According to Michelin 85%, as of 20 September 2020 of Michelin Starred restaurants worldwide at 35 destinations are currently open for dining either inside or outside. In Brazil 72% of the Michelin Starred restaurants are now open, but in the US just 14% of Starred restaurants are welcoming guests again. In Europe, Belgium has 95% of its Michelin Starred restaurants back open; in Spain and Portugal, the percentages have risen to 86% and 93% respectively; while the UK it is at 73%.
The documentary “Narciso em Férias” (“Narcissus off Duty”) will premiere out of competition on 7 September during the 77th Venice Film Festival. The documentary looks at the great Brazilian sing songwriter, Caetano Veloso’s experience during the military coup in Brazil in 1968 which resulted in him being imprisoned for 54 days.
“Narcissus Off Duty,” paints an intimate portrait of Caetano’s incarceration as he recalls painful memories and performs songs that marked his imprisonment. He also presents new information about why he was detained, exposing the regime’s view of him and shedding light on the arbitrary brutality of the time.
On 13 December 1968, the Brazilian military dictatorship passed Institutional Act Number Five (AI-5), and it marked the beginning of the regime’s most repressive and violent phase. Two weeks later Caetano was arrested. He was taken from his home in São Paulo to Rio de Janeiro, where he was shut in solitary confinement for one week and ultimately imprisoned for 54 days. It was the most difficult experience of his life.
Written and directed by Renato Terra (“A Night in 67”) and Ricardo Calil (“Cine Marrocos”), “Narcissus Off Duty,” is produced by Uns Produções (Paula Lavigne) and co-produced by Walter Salles and João Moreira Salles’s VideoFilmes.
110 years ago, between 22 August and mid-September 1910, Corinthian-Casuals Football Club made its first tour of Brazil, and on 1 September 1910, Sport Club Corinthians Paulista, now one of Brazil’s most famous and successful football clubs, was born based on an admiration of some Paulistas for the elegant play of the Corinthians.
It was on 24 August 1910 that Corinthian Casuals played its first game against Fluminense in Rio, winning 10-1. The next game was against a Rio XI and saw Corinthians score eight to their opponents’ one. The next day there was a cricket match, played against the English Cricket Club, which ended in a draw. The final football match in Rio on 28 August was against a Brazilian National team and saw the game end in a 5-2 win for Corinthians.
The team then moved on to São Paulo at the invitation of former Corinthian Charles Miller, the man credited with introducing football to Brazil, and won all three games. Beating Associacão Atlética das Palmeiras (no relation to the current Palmeiras) 2-0 on 31 August; Paulistano 5-0 on 2 September; and São Paulo AC 8-2 on 4 September. Miller scoring one of the SPAC goals.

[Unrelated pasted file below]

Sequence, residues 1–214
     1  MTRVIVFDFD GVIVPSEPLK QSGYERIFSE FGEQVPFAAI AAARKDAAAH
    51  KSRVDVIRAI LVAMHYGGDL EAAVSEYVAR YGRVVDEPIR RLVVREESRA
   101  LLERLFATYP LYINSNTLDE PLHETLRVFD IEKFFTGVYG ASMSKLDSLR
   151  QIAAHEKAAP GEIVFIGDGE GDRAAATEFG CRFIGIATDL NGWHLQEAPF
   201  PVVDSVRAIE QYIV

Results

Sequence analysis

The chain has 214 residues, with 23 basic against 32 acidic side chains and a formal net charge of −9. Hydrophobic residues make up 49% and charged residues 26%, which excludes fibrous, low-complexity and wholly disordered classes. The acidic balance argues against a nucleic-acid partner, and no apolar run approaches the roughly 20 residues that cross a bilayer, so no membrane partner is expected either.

Corinthians returned to Brazil in 1913 and 1914. Upon arrival in 1913, Corinthians played Rio de Janeiro in their first match, losing 1-2, their only defeat on the tour. They won 4-0 against the Estrangeiros, the final game in Rio seeing Corinthians beat the Brasilieros 2-1. In Sao Paulo, Corinthians won two games against MacKenzie College and Club Athletico Paulistano before being held by Associação Atlética das Palmeiras. The crowds on this tour were all between 6,000 and 10,000 which highlighted what popular visitors they were.
The 1914 tour sadly resulted in no matches being played due to the outbreak of the First World War, which meant the players returned to Britain almost as soon as they arrived.
Brazil will be represented in competition at the Berlinale – Berlin International Film Festival by Marco Dutra and Caetano Gotardo’s period drama “All The Dead Ones” (Todos os Mortos), a film set in late 19th century São Paulo, shortly after the abolition of slavery.
The film focuses on a mother and her two daughters from a formerly wealthy coffee plantation-owning family that has gone into financial decline amid the changing backdrop of Brazil at the turn of the century. At the same time, the film follows the women’s former slaves who are struggling to find their place in society.
The list of Latin America’s 50 Best Restaurants for 2019 was revealed on 10 October 2019 at the seventh annual Latin America’s 50 Best Restaurants awards ceremony, sponsored by S.Pellegrino & Acqua Panna, that was held at Usina del Arte in Buenos Aires, Argentina. With seven new restaurants and entries across eight countries, the 2019 list reflects the diversity of the ever-evolving Latin American gastronomic scene.
Brazil claims nine spots in the top 50 – including new entries Evvai and Manu. The “Best Restaurant in Brazil” was judged to be São Paulo’s A Casa do Porco, at No.6 overall. D.O.M. (São Paulo) is at No.10; Maní (São Paulo) is No.18; Oteque (Rio) is No.23; Lasai (Rio), which won the Art of Hospitality Award, is No.24; Olympe (Rio) is No.35; Evvai (São Paulo) is No.40; Manu (Curitiba) is No.42; and Mocotoó (São Paulo) is No.43.